Through a variety of methods and processes, certain albums throughout the course of pop and rock history have come to be regarded as "classics," critically untouchable works that not only enriched the coffers of their creators but overall made the world a nicer, more beautiful place to be.
Of course that's a load of horse pucky. Recently Rocks Off asked several of our writers to give us an album or two that everybody seems to love but them, and they wouldn't mind sharpening their knives on a bit.
Aerosmith, Toys in the Attic Classic rock has been the basis of my musical appreciation ever since my mom introduced me to the Beatles and my dad taught me Clapton way back when. Digging through my parents' records back when I was in my early teens, passing Lou Reed and Elvis, I came across Aerosmith's Toys in the Attic. Since I'd been watching MTV for several years at that point, and was also a boy coming of age, I had known all about the band's Alicia Silverstone/Liv Tyler Get a Grip days. I never really loved the songs "Cryin'" or "Crazy," but the videos were always a treat to watch.
So I gave this record a spin, and already knowing a few songs like "Walk This Way" and "Sweet Emotion," made it through the whole 37 minutes. I never listened to it again. I hated it for some reason, and still to this day can't put my finger on why. I'm not sure if it's just my pure annoyance by Steven Tyler, or that I just don't like Aerosmith's music, but Toys in the Attic stayed in the attic with the rest of my toys until a garage sale a few years later. JIM BRICKER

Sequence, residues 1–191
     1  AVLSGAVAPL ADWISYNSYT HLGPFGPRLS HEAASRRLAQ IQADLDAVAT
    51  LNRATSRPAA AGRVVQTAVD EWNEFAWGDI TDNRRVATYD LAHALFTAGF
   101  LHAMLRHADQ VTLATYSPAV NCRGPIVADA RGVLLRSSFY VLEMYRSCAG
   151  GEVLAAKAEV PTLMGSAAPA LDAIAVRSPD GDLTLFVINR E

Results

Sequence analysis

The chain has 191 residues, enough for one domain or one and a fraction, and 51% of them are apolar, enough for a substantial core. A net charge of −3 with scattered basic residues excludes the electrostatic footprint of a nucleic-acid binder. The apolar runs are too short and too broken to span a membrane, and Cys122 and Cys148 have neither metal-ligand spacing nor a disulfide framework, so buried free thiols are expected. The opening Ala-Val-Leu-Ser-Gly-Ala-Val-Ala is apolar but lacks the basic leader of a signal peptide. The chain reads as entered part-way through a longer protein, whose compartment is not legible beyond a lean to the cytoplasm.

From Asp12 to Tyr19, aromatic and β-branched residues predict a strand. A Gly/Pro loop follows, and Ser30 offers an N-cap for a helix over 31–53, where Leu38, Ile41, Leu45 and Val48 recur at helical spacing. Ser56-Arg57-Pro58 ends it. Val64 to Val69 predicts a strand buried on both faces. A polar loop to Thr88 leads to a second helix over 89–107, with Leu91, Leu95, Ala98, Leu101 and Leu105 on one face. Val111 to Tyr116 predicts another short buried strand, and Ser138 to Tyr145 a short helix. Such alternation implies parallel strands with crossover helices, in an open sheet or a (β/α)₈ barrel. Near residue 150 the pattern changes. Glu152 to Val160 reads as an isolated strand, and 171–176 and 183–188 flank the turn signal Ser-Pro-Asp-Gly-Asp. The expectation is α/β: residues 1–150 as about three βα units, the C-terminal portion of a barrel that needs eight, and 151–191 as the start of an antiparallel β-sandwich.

Kiss, Alive! This is partially an age thing, because Kiss had all but run their course -- or so everyone thought -- by the time my musical tastes began developing in the mid-'80s. I knew them as toys or the subject of lunch boxes a few of the older kids brought to school, not the greasepainted band who wanted to rock and roll all night and party every day. I was a big WWF fan back then, though, and in fact one of the wrestlers used "Rock and Roll All Night" as his entrance music. Even then I didn't connect the two.